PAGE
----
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Opiods: Addressing the Opioid Overdose Crisis with Data

November 2021 -- The ongoing Opiod crisis not only continues, but is getting worse.

Wnctimes is taking a look at what is going on to help with what is now an drug overdose epidemic. The following article is from John Hopkins Bloomberg School of Public Health November 2021 by Grace Fernandez.

Adressing the Opiod Ovedose Crisis with Data

From 2018 to 2019, the U.S. saw a nearly 5% increase in drug overdose deaths—which have quadrupled since 1999.

As part of its response to the crisis, the CDC launched The Overdose Data to Action Project (OD2A) in 2019. The project aims to help 66 jurisdictions—including Maryland and Baltimore—collect the overdose data they need to inform effective prevention responses. Since December 2020, the Maryland Overdose Data Collaborative, a team of Bloomberg School researchers led by Renee Johnson, PhD, MPH, associate professor in the Department of Mental Health, and Ju Nyeong Park, PhD, MHS, assistant scientist in the Department of Health, Behavior and Society, has supported Maryland’s OD2A effort by using advanced data analysis methods to evaluate the state’s overdose programs. 

The project launched at a critical time for Maryland, where opioid-related deaths were up 2.6% in the first quarter of 2020 compared to the same time period in 2019.

The MODC is focusing on “not just evaluating one program, but a whole sweep of initiatives,” says Johnson. They collect data from several agencies within the state such as the Environmental Health Bureau and the Opioid Operational Command Center, which the state can then use to improve, refine, or scale up its overdose response efforts.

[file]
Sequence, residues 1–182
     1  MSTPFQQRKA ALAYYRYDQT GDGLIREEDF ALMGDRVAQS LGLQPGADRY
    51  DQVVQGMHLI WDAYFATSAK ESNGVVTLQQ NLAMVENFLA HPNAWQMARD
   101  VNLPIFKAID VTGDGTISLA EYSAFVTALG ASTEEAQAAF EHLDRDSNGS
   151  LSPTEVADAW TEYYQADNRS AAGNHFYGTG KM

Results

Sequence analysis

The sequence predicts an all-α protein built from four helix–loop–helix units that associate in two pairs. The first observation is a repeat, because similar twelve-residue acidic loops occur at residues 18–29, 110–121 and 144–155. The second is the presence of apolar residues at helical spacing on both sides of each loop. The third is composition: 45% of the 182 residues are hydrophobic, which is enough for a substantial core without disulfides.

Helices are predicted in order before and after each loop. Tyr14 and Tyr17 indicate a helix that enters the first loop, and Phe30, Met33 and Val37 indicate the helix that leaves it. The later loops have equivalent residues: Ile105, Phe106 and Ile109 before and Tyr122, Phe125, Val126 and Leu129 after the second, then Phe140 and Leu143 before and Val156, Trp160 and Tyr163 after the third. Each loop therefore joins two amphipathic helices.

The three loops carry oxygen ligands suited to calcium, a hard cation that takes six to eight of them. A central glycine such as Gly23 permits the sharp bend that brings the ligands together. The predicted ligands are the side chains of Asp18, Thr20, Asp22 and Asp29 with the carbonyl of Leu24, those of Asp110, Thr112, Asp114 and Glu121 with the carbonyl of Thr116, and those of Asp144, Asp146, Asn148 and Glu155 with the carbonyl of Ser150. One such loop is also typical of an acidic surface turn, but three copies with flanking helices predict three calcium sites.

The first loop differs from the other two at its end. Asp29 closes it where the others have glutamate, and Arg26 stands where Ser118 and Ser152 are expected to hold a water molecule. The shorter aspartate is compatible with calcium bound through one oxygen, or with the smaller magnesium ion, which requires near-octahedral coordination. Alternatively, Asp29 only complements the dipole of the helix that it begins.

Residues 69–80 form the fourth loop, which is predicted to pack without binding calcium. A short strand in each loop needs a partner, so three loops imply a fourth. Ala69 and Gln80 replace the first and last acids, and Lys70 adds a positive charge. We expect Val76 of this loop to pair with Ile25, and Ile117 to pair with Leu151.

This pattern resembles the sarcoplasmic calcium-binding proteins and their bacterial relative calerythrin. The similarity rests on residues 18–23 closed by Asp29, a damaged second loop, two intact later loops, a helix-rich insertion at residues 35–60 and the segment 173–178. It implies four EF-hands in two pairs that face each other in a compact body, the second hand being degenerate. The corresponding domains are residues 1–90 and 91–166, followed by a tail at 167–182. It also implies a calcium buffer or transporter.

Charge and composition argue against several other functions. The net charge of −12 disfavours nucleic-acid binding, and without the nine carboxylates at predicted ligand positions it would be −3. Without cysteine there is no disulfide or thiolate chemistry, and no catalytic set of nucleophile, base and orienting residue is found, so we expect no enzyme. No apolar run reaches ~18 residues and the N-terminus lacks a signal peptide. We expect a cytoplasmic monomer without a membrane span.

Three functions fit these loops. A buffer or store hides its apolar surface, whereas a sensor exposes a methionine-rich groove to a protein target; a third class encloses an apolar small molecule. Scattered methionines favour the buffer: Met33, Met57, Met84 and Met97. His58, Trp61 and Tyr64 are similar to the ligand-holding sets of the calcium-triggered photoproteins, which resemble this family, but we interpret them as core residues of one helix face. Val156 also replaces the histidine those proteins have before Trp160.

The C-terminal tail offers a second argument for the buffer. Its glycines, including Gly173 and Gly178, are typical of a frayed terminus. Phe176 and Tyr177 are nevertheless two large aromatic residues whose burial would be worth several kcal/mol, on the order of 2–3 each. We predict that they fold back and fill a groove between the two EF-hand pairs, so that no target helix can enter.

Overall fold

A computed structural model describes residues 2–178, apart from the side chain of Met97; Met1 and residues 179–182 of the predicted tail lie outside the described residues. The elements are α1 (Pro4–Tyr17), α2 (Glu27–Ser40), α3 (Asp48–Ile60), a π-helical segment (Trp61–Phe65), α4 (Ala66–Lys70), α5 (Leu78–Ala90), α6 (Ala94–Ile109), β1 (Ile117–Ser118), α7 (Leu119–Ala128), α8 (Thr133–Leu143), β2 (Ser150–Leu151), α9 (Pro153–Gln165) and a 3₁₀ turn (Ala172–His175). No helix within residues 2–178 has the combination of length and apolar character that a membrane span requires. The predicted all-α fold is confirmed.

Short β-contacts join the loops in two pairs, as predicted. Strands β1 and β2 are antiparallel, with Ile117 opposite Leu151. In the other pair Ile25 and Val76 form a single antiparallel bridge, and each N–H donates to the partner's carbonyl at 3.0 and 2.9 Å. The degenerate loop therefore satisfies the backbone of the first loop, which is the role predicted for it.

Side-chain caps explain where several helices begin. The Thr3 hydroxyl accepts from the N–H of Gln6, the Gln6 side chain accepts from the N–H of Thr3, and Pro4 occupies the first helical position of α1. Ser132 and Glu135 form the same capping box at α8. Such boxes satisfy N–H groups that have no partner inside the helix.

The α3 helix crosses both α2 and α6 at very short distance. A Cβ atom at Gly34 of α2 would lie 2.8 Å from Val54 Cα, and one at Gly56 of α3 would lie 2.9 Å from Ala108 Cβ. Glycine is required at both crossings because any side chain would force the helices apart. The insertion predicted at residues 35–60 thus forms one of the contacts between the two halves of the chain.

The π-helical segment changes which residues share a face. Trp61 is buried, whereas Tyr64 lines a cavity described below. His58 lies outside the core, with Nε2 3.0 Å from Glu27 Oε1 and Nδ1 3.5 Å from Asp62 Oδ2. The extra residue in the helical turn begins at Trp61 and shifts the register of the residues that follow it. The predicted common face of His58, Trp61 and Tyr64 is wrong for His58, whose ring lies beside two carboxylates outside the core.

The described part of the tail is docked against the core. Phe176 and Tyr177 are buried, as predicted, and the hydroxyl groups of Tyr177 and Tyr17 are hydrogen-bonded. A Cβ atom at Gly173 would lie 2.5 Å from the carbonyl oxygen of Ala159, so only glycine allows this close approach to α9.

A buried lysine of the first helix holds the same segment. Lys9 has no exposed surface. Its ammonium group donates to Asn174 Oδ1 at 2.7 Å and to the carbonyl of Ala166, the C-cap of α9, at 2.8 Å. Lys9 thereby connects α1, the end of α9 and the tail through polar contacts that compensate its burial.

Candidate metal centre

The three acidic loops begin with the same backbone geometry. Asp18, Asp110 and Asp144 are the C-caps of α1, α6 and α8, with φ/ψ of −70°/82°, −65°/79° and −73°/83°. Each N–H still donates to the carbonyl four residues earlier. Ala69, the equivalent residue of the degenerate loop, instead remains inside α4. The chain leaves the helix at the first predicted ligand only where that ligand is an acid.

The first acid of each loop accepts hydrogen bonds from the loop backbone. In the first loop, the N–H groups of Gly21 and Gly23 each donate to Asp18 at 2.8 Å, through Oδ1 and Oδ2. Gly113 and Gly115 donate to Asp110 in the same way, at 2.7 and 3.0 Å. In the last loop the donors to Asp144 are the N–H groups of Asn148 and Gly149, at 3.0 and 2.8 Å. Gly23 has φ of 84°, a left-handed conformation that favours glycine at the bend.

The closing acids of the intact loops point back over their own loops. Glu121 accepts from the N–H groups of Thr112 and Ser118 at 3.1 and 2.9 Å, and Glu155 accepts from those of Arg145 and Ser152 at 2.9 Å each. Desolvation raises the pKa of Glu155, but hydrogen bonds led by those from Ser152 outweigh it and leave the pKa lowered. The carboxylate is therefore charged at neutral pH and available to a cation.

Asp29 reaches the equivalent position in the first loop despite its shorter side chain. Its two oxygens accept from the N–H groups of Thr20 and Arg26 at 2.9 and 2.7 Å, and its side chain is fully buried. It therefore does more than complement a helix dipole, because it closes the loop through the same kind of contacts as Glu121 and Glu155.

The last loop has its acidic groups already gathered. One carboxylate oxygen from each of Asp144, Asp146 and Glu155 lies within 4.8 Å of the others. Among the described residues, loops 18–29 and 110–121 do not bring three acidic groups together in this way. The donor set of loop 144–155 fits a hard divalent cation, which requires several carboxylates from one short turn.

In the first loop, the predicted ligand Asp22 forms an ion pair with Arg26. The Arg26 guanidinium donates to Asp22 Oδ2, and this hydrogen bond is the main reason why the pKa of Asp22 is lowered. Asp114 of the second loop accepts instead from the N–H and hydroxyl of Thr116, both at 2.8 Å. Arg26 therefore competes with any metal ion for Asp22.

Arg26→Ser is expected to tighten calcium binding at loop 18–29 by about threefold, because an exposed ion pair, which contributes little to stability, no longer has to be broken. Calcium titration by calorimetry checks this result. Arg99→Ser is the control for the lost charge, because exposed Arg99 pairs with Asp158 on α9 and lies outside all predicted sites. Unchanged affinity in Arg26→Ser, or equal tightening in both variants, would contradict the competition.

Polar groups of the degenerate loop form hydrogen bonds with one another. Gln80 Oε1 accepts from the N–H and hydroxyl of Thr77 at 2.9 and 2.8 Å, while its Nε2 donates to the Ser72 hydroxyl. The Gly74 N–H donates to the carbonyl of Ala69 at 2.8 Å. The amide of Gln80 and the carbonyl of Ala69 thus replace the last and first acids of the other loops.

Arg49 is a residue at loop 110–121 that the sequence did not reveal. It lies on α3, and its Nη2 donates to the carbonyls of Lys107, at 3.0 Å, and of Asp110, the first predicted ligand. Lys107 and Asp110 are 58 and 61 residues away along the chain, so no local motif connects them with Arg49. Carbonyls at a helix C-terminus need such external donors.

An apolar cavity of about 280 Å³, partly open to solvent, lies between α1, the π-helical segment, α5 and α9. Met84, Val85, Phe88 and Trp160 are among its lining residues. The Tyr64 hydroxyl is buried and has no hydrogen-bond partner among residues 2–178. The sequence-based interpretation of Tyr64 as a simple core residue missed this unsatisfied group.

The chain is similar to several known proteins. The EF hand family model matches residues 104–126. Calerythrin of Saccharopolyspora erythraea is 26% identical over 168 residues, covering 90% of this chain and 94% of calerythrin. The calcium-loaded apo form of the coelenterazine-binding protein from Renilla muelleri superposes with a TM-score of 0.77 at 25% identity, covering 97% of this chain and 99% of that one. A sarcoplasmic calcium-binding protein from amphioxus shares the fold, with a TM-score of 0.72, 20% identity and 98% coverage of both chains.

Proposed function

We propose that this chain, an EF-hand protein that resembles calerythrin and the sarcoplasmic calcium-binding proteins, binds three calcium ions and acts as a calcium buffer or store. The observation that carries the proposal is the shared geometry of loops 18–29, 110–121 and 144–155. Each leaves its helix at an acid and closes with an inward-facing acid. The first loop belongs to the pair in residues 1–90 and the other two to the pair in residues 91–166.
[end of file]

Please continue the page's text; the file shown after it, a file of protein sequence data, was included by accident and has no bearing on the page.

For example, data trends can help identify if a health clinic is engaging in unsafe prescribing. “If we see data that shows all of these people getting opioids from a place in a manner that’s not consistent with safe prescribing, then [the clinic] could get closed,” says Johnson. Because clinic closures can put people who used these clinics at risk for transitioning to street drugs, the MODC can use data from results of previous clinic closures to put programs in place to mitigate adverse effects. Or options other than closing might be considered. The Maryland Department of Health, which regulates prescription drug monitoring, could instead send letters to individual providers to educate them on safe prescribing practices. In this case, Johnson’s team would evaluate whether those letters change providers’ behavior. 

In their work with the Center for Harm Reduction Services, which oversees all syringe services programs across the state, MODC is first identifying all existing programs to measure their impact. For example, they are assessing whether distributing the overdose-reversal drug naloxone has an effect on fatal and non-fatal opioid overdoses in the areas where these services are offered. 

COVID-19 has complicated this work. Johnson says that during the pandemic, many syringe services programs closed, naloxone distribution declined, and overdoses increased. The biggest challenge has been “distinguish[ing] what has happened because of COVID and what would have happened in the absence of COVID,” she says.

For now, all overdose data is grouped together, but Johnson and her team will soon have access to information that will detail whether people are using cocaine and meth, or synthetic opioids like fentanyl and carfentanil. They’re also on the lookout for xylazine—a veterinary drug commonly seen in street heroin—known to cause serious skin infections at injection sites. Data that comes from emergency departments will be shared with agencies like the Center for Harm Reduction Services so that they can educate staff and implement wound care training within their syringe services programs.

Johnson and the rest of the MODC team will work on this project for two years. But the effects of their work will last much longer. Their goal is to empower the agencies involved in Maryland’s opioid crisis response with the tools and data to follow MODC’s recommendations—even after their involvement ends. The purpose is to hand off the project. 

“The most successful way, I think, to do this grant, is to eliminate the need for us [MODC] to be here, and get them set up to do this work for years to come,” Johnson says.

Grace Fernandez is a communications and marketing specialist in the Office of External Affairs at the Johns Hopkins Bloomberg School of Public Health.

Learn more about the MODC and the OD2A initiative here

Original article here



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